I have students that keep in touch with me even years after they’ve graduated from UCLAx’ Design Communication Arts Program. Being proud of their accomplishments is an understatement–they’re acheivements send me beaming with pride knowing that they’re bringing into reality what they’ve been visualizing for years.

These students are now my associates, my peers, my co-workers, and my children of design. Like I am a child of design of my teachers and instructors, these students will carry on a legacy that has been passed down through me.

What makes these students great is their confidence in themselves and their abilities as well as being part of a network, a village of designers–because we care about what we create, our worth is enhanced.

We help each other, teach each other, and counsel when needed. But, one thing we never do is ask for permission to achieve our greatness.

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Lessons From a Bonsai Tree

Months ago I was given the honor of planting and caring for a bonsai tree. After working the soil and trimming the leaves and unnecessary branches, I took it home and found a place for it to flourish.

Each day, I watered it; talked to it; touching and caring for its leaves. Days and weeks went by before I found a little sign of growth after the initial shock of planting and trimming. This was a glorious day for it had been months in the making.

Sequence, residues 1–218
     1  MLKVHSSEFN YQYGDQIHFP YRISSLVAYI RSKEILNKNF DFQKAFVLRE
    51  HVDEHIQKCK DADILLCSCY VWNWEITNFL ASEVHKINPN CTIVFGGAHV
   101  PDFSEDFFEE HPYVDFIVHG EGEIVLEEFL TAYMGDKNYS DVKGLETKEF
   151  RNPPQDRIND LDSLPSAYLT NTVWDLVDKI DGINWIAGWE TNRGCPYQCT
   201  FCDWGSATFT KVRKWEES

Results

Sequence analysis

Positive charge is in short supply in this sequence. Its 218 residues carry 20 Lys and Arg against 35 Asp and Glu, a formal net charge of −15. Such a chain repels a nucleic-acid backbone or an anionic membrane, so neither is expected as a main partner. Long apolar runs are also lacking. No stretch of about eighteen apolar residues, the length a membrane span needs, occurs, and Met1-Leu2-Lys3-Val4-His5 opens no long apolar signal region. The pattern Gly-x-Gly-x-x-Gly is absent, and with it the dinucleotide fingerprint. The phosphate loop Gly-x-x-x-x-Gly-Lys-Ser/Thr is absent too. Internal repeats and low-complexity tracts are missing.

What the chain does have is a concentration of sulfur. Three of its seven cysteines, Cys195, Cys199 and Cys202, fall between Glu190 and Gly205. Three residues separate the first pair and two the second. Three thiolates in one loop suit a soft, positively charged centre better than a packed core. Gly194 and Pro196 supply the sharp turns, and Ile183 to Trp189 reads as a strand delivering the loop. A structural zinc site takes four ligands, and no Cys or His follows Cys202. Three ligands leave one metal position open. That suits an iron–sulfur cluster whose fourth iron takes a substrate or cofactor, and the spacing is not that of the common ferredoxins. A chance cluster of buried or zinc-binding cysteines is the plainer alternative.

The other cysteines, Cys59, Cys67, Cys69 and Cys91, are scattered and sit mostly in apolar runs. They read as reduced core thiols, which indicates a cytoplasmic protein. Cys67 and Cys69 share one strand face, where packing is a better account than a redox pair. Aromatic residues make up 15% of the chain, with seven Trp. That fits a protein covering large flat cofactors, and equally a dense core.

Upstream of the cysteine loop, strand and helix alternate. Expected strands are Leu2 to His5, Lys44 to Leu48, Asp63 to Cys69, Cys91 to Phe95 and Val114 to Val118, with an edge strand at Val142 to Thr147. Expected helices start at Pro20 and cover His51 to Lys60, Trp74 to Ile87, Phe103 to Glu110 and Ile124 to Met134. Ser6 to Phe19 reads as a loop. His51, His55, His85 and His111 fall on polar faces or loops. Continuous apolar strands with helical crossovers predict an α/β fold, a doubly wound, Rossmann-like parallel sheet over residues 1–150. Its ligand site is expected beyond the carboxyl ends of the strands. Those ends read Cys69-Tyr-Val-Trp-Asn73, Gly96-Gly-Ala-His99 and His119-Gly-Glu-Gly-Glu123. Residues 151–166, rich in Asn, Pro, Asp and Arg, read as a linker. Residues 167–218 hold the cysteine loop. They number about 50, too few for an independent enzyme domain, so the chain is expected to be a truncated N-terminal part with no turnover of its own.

This little tree has taught me an incredible lesson in patience, cultivation, and perseverance. I saw myself differently in my role as a teacher. I’ve learned to understand the correlation between teaching and caring for a bonsai tree.

With new design students, I must immerse them into the soil of the world of design and trim away anything unnecessary to their true design growth. Each week of lecturing is similar to the watering and caring for their growth–it’s this perseverance and trust that you hope to see leaves of design growth.

Additionally, as a student, you have to trust you find the nurturing you need in order to cultivate your skills. Until you start having that growth can you reach out and find your direction. Until those leaves of skills grow, let the process happen and concepts will make sense and one day you may find yourself cultivating your own bonsai trees.